According to the National Health Profile (NHP) 2018, the annual report released by the Central Bureau of Health Intelligence, India spends a meagre 1.02% of its GDP on healthcare, less than low-income neighbors like Bhutan and Sri Lanka, and considerably less than most countries with significant universal health coverage (UHC) services.
Compared to our neighbors Bhutan, Sri Lanka, and Nepal, which spends 2.5%, 1.6% and 1.1% of their GDPs on healthcare, India's numbers are quite weak.
In World Health Organisation’s South-East Asian Region, which includes 10 countries, India finishes second last, above only Bangladesh (0.4%), when their health expenditure is compared. Maldives spends 9.4% of its GDP to claim the top spot in the list, followed by Thailand (2.9%).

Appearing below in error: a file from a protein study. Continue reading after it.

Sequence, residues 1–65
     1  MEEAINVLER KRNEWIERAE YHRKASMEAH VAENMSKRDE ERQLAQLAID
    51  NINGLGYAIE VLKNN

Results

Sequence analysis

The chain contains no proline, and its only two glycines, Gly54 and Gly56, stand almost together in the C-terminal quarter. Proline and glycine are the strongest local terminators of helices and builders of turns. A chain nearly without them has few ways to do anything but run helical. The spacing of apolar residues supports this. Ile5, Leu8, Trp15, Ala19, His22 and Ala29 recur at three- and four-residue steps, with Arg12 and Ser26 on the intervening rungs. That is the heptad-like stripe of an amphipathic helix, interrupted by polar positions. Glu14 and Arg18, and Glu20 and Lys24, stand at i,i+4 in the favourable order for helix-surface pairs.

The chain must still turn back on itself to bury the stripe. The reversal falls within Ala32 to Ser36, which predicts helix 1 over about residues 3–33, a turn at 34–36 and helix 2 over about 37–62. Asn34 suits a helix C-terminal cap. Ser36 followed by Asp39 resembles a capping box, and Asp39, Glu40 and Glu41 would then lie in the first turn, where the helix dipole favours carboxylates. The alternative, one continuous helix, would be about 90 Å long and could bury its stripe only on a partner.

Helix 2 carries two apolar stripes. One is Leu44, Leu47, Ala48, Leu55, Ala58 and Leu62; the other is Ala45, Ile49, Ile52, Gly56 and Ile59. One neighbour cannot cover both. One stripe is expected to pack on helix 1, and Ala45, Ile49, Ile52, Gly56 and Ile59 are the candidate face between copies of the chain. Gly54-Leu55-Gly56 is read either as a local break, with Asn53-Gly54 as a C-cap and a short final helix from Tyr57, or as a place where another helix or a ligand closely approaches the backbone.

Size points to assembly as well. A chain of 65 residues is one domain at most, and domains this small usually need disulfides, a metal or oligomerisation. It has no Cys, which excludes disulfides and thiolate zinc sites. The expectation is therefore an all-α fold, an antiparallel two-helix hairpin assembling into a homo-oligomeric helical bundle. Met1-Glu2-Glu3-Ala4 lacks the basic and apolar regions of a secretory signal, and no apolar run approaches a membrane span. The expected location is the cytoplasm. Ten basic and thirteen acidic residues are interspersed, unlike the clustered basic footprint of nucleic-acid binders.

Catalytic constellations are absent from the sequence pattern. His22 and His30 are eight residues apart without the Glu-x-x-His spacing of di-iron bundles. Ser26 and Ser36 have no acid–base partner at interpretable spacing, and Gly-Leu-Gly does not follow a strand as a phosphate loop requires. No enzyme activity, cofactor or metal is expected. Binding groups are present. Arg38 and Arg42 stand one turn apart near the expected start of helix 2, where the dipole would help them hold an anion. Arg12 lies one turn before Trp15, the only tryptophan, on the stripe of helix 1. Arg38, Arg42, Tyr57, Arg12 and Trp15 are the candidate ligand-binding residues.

Shortage of doctors is still a problem, with one allopathic doctor for 11,082 people in the country’s villages, as per the report.
And if we further analyse this spending in the GDP, then most of it is from the private sector which contributes to more than 75% of the healthcare facilities in the country.
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It doesn’t include all cases
Confirmed cases aren’t all cases. They only include people who tested positive. Testing rules and availability vary by country.